Law professors said they expect the 2020 elections to have a higher voter turnout due to a rise in new voting technologies and reforms that make the voting process more inclusive and enable more people to register to vote and cast ballots.
The event, which was hosted at the Hammer Museum on Thursday evening, discussed the logistics of voting and incidences of voter suppression and negligence of polling booths and technologies in the 2018 election.
The panel was moderated by Rick Hasen, a UC Irvine political science and law professor. Hasen divided the panel into three main topics: election administration, redistricting and gerrymandering, and money in politics.
Justin Levitt, a professor at Loyola Law School, said he would give the U.S. election system a grade of a B-.
“If you believe as I do that we should be building a system that accommodates every right and opportunity and expectation that every eligible American would participate, we have a very long way to go,” Levitt said.
Levitt added that barely 50 percent of eligible American voters participated in the 2018 midterm elections and barely 60 percent voted in the 2016 presidential election.
Kathay Feng, executive director of California Common Cause, a political advocacy organization, said it is much harder to vote in the United States, as she thinks voting has become highly weaponized and politicized.
“In California, in 2020 there is going to be a change in the very way in how we run elections, certainly in Los Angeles,” Feng said.
Feng said Los Angeles County will be implementing voter centers, which will allow people to vote anywhere in the county rather than being tied to a particular polling location. She added that these centers will feature same-day voting registration and new voting systems, currently being developed by LA County.
She added that the U.S. also struggles with voter fraud, which prevents people from registering to vote and turning in ballots on time.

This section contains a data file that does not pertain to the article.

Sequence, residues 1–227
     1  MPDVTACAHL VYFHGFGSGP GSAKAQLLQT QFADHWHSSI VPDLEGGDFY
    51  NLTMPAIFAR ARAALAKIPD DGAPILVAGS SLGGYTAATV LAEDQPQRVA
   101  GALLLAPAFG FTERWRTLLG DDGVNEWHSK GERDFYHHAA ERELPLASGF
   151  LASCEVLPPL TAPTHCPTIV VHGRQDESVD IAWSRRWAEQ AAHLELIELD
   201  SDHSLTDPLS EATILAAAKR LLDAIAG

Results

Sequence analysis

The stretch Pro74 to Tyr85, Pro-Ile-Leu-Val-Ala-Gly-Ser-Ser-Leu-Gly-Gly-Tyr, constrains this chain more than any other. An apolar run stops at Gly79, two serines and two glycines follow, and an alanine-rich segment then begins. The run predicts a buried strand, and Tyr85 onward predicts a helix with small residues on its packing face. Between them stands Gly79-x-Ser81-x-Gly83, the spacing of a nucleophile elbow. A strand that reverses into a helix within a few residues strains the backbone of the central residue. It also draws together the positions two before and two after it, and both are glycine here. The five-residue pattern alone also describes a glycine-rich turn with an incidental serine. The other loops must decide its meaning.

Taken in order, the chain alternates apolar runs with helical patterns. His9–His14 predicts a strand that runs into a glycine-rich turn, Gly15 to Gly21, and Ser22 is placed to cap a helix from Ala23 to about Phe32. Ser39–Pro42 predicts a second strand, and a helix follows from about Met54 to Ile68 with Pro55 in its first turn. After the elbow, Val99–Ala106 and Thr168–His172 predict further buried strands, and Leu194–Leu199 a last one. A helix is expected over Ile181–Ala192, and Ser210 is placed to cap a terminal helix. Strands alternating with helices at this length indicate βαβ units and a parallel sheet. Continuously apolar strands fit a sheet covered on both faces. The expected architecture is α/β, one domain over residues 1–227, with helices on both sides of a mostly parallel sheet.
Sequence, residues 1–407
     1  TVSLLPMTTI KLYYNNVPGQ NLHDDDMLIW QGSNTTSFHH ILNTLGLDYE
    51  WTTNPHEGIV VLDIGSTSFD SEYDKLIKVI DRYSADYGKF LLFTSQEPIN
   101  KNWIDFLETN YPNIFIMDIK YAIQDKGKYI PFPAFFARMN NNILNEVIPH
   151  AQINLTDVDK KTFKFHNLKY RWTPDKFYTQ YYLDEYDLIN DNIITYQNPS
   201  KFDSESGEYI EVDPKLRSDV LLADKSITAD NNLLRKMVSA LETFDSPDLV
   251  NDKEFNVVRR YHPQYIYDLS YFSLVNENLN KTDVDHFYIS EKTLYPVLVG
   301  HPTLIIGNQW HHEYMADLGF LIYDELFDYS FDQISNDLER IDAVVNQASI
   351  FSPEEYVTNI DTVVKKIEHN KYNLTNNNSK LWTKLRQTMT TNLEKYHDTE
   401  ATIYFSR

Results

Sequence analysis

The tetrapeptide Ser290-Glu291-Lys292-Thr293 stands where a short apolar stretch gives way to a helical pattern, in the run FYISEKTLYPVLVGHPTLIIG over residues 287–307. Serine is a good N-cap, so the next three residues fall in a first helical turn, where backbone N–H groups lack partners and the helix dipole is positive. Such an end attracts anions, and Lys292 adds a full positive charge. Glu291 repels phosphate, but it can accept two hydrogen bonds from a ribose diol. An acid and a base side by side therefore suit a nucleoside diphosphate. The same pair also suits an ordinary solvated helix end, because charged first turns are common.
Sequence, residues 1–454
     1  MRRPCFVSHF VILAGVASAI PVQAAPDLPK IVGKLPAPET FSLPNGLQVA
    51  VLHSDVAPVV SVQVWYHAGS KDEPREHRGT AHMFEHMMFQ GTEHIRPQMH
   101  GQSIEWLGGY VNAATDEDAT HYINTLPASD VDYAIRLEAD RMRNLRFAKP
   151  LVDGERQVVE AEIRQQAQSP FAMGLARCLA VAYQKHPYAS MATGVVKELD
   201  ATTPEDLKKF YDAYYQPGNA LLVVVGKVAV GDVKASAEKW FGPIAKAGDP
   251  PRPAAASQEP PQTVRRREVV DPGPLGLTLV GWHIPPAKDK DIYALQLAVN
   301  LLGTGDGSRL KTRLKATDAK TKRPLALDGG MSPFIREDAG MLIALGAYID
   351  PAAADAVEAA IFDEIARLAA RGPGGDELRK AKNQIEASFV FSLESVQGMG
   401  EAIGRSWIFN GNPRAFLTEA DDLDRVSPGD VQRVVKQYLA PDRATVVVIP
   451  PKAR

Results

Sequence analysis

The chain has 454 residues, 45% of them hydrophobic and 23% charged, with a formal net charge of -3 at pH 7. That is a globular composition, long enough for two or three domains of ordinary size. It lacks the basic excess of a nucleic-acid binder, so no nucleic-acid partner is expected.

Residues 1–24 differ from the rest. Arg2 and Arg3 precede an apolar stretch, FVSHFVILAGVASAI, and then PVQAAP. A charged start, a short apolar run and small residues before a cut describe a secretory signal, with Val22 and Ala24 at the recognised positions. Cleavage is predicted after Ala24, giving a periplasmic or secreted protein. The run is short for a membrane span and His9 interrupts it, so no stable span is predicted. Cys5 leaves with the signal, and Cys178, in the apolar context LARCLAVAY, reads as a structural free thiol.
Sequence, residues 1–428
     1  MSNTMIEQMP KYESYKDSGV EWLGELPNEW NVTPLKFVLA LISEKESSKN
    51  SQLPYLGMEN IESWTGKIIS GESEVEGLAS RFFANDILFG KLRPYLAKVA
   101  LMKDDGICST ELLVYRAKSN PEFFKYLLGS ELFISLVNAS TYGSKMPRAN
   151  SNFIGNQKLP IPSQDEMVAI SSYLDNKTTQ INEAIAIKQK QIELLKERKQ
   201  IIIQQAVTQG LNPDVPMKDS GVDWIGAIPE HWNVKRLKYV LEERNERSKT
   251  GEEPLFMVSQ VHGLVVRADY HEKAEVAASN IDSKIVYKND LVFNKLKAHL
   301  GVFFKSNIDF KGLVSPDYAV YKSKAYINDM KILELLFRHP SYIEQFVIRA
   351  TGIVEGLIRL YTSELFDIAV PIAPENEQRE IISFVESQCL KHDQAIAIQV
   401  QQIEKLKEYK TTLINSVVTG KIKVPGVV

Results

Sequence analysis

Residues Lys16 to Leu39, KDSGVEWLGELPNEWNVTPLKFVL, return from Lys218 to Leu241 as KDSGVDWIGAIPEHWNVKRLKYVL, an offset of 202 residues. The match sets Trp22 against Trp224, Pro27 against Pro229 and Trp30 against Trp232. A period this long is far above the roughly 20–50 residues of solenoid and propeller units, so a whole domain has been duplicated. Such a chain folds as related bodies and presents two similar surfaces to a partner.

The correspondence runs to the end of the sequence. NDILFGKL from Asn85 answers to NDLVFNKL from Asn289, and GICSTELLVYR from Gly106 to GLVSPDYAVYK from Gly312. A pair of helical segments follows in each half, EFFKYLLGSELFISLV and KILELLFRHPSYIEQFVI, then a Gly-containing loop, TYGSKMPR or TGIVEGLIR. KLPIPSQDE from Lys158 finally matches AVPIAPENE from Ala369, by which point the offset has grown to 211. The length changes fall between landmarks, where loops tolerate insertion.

“Voter suppression refers to when lawful voters are denied the right to cast their ballot, whereas voter fraud or vote rigging is when people take someone else’s identity to vote for a favored candidate, ultimately increasing the chances for a particular candidate to win,” Feng said.
Franita Tolson, a USC law professor said voter fraud is very rare, but it discourages people from registering to vote because they believe fraud occurs more often than it does.
“Voter fraud is rare and it doesn’t really happen,” Tolson said. “A big part of our system is when voters believe our system is working.”
However, Tolson said, she thinks future elections will become more inclusive. She added that she predicts the 2020 elections will be more inclusive with more people participating in elections than in previous years.
Ella Montouri, a fourth-year political science student, said she was concerned about getting more students to participate in the next election.
“Looking at the disaster of voting at UCLA this past election, it directly impacts us, especially with students. It is so hard to get students to register to vote before elections,” Montouri said.
Montouri, who worked on student voter campaigns, said she believes UCLA needs encourage more students to vote, especially on campus.
Tolson added that she believes the only way to get more students to vote is to have civically engaged young voters spread awareness of the importance of voting to their peers.
“Students don’t feel like it matters. … It starts with young people,” Tolson said. “The only way we can get young people to vote is if young people can convince other young people that voting is worthwhile.”